6
      Fixed1060−4.938 ± 1.326 × 10−9

      (-5.234 × 10−6)
      13.54
      MuscleFresh1040−5.559 ± 1.488 × 10−9

      (-5.781 × 10−6)
      4
      Fixed1040−4.334 ± 1.107 × 10−9

      (-4.507 × 10−6)
      22.04
      Double distilled water1000−9.338 ± 0.026 × 10−9

      (-9.338 × 10−6)
      3
      4% PFA solution1000−4.966 × 10−9

      (-4–966 × 10−6)
      2

      PFA fixation increases mass susceptibility

      We tested the effect of fixation on magnetic mass susceptibility (Table 1, Fig. 1b). Generally, less fixed than fresh tissue was available. PFA solution (4% in 0.1 M PBS) has a susceptibility of −4.966 × 10−9 m3/kg. Fixation made the sample less diamagnetic for the heart tissue. For all other organs there were not significant differences in magnetic mass susceptibility between fresh and fixed tissue. Notwithstanding, when we pooled values of organs we observed that the fixed tissue was less diamagnetic compared to fresh tissue.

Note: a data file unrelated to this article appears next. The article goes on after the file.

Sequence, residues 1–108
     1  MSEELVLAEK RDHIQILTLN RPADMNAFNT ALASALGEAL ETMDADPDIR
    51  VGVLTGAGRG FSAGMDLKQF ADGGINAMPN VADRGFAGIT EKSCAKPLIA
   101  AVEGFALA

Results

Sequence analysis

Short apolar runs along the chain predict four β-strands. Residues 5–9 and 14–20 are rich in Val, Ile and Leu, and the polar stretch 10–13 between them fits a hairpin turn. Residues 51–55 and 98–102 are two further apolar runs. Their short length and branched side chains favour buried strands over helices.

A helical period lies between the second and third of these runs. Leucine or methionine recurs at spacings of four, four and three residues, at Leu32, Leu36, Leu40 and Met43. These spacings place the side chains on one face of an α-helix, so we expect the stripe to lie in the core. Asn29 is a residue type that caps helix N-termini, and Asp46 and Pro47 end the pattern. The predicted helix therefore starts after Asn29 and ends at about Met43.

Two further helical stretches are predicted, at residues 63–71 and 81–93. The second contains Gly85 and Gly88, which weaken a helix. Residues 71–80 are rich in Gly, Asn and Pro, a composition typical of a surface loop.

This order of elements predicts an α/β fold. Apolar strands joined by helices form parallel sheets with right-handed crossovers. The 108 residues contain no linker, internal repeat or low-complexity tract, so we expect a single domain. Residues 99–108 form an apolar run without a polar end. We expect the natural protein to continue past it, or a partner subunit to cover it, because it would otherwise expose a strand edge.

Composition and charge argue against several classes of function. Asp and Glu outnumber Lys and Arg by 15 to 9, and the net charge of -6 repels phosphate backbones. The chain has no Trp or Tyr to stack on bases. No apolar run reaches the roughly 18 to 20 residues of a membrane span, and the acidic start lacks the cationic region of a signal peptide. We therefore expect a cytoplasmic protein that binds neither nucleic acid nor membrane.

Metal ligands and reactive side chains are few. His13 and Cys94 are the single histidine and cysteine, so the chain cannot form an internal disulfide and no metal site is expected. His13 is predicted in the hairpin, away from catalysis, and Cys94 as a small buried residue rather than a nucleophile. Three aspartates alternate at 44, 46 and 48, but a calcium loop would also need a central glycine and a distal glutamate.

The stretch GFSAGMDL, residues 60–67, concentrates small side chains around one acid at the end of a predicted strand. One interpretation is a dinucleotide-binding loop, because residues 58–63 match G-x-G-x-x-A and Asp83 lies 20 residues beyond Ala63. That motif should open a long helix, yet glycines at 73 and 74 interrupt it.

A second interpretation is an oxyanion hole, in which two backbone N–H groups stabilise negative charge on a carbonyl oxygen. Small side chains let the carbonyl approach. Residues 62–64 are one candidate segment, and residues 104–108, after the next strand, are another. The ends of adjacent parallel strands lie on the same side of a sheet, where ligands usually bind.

Water content of fresh and fixed tissue

      To assess the relation between water content and magnetic susceptibility of the tissue, we measured water content in fresh and fixed tissue samples (Table 2). For comparison we have also summarized water content for dog [
      • Salisbury P.F.
      • Cross C.E.
      • Rieben P.A.
      Distensibility and Water Content of Heart Muscle Before and After Injury.
      ], rat [
      • Lee K.
      • Jeoung K.
      • Kim S.H.
      • Ji Y.
      • Son H.
      • Choi Y.
      • et al.
      Measuring water contents in animal organ tissues using terahertz spectroscopic imaging.
      ,
      • Keep R.F.
      • Hua Y.
      • Xi G.